Narrator: Fiona Hardingham, Steve West
Published by Scholastic
Published on October 18th 2011
Genres: 20th Century, Adolescence, Orphans & Foster Homes, Paranormal, Young Adult
Source: my local library
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It happens at the start of every November: the Scorpio Races. Riders attempt to keep hold of their water horses long enough to make it to the finish line. Some riders live. Others die.
At age nineteen, Sean Kendrick is the returning champion. He is a young man of few words, and if he has any fears, he keeps them buried deep, where no one else can see them.
Puck Connolly is different. She never meant to ride in the Scorpio Races. But fate hasn’t given her much of a chance. So she enters the competition — the first girl ever to do so. She is in no way prepared for what is going to happen.
It’s not often I can say there isn’t a single thing I dislike about a book. Please note that I listened to the audiobook version narrated by Steve West and Fiona Hardingham.
Things I liked:
Is it Scottish, is it Irish? Is it a little of both? I’m not sure.
Very gloomy and oppressive. Reminded me of the north of England, where I lived for a couple of years. I also get the whole ‘living on an island lots of people want to leave’ thing.
The time period
Definitely set before contemporary times, due to the lack of modern technology like cell phones. I originally thought maybe it’s set in the 60s or 70s but it might have been as early as the 40s or 50s, when men still hated women doing anything they did.
Normally I’m not a big fan of present tense point of view, but for some reason, it worked really well in The Scorpio Races. Shorter chapters meant less exhaustion from reading (in my case, listening). Switching between Puck and Sean might have been harder while reading, because their narrative voices and actions (both preparing from this race) were basically the same, but in the audiobook form it worked.
Not the easiest character to like, but you have to admire her. She’s brash, snappy, and constantly irritated, all vinegar and no sugar, though she tries, and is determined and full of love and loyalty to her family and her island. Not someone I could be friends with, but someone I would admire from a distance.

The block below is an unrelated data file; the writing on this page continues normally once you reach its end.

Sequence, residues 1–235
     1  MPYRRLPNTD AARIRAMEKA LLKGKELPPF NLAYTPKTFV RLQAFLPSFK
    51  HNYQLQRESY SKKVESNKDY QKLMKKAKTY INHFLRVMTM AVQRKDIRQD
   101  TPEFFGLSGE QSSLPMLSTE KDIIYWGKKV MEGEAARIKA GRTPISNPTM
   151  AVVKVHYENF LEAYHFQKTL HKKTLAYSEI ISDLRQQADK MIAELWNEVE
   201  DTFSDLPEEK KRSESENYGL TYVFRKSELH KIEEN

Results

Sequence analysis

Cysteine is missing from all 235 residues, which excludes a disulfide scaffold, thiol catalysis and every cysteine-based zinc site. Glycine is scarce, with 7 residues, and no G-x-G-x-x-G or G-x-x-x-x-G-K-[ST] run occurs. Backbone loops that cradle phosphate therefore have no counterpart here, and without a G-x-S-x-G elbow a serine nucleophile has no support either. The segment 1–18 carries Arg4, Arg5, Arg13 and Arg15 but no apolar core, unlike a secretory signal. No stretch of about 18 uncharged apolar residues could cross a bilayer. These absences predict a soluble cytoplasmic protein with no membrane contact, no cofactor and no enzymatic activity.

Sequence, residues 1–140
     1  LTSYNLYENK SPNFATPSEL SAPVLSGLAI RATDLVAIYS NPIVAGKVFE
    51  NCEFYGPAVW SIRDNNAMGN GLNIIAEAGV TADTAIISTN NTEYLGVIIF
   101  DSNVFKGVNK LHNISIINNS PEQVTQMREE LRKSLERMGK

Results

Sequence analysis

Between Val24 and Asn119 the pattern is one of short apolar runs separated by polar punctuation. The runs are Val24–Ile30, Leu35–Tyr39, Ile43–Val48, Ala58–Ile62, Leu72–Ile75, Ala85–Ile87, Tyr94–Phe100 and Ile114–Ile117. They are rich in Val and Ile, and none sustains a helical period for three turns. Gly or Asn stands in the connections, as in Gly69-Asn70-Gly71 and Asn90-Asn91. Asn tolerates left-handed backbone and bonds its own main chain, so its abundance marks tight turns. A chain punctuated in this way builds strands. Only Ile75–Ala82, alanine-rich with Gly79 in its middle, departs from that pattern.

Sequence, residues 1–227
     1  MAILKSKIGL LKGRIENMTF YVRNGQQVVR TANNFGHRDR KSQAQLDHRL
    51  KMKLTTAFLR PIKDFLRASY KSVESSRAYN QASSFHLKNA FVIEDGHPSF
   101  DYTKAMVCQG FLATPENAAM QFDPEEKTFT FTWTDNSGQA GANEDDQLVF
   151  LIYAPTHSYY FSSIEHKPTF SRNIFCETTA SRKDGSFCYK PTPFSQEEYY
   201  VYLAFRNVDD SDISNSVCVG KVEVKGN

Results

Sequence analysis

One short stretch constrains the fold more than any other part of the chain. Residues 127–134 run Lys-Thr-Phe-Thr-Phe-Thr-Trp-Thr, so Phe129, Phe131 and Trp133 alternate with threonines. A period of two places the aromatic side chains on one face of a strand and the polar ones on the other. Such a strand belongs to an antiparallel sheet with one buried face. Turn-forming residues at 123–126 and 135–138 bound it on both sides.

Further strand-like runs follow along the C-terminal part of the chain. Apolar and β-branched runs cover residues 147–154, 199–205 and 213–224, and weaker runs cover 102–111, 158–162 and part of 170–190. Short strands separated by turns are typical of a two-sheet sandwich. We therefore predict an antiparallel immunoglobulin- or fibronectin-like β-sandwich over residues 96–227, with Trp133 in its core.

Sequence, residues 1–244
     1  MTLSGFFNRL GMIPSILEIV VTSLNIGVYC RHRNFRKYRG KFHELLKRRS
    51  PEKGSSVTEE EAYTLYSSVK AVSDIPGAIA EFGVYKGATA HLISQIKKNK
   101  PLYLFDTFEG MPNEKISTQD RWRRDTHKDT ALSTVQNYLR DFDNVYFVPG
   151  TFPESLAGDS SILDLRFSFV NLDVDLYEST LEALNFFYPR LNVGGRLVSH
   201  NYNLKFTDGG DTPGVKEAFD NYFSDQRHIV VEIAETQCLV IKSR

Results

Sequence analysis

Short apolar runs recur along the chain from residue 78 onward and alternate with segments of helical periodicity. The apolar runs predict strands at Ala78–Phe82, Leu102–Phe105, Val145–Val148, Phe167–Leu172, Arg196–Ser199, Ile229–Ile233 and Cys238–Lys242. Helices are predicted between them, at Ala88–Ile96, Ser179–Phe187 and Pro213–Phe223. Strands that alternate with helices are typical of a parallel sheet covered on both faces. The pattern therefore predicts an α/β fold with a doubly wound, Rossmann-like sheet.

Wonderful in the way only a book boyfriend can be without being a book boyfriend. His stillness, confidence, and sheer love for his flesh-eating water horse floored me.
I wouldn’t call it a romance, though Maggie does, albeit a romance without much kissing. But I loved the slow burn, all the way through from the awkward fumblings of the early friendship to the heightened awareness of each other, to the fact that everyone else could see it but them. I think I may have liked it even better if nothing had happened and it had remained platonic, or left with a promise of something after the book ended, but this is YA and that would have caused a riot, so I understand why it had to be the way it was.
The bad guys
Everyone was out for themselves on this tiny island. It was believable.
The capaill uisce
They weren’t good or bad, they just were. They were a force of nature. A storm that brings down your house isn’t evil, it just is.
Things I didn’t like
The female narrator
Seemed to have taken lessons from William Shatner and paused in places where pausing was not necessary.
The male narrator
Sounded way too old to be nineteen year old Sean, but Maggie liked him, so what do I know?
Basically I think this book could have been perfect and man, I would love so much to see a TV miniseries adaptation. I’d love to see the horses leapt out of the water still as water and then kind of shimmer and shift into regular horse colours, or maybe non-regular horse colours, yeah that would be cool and whimsical.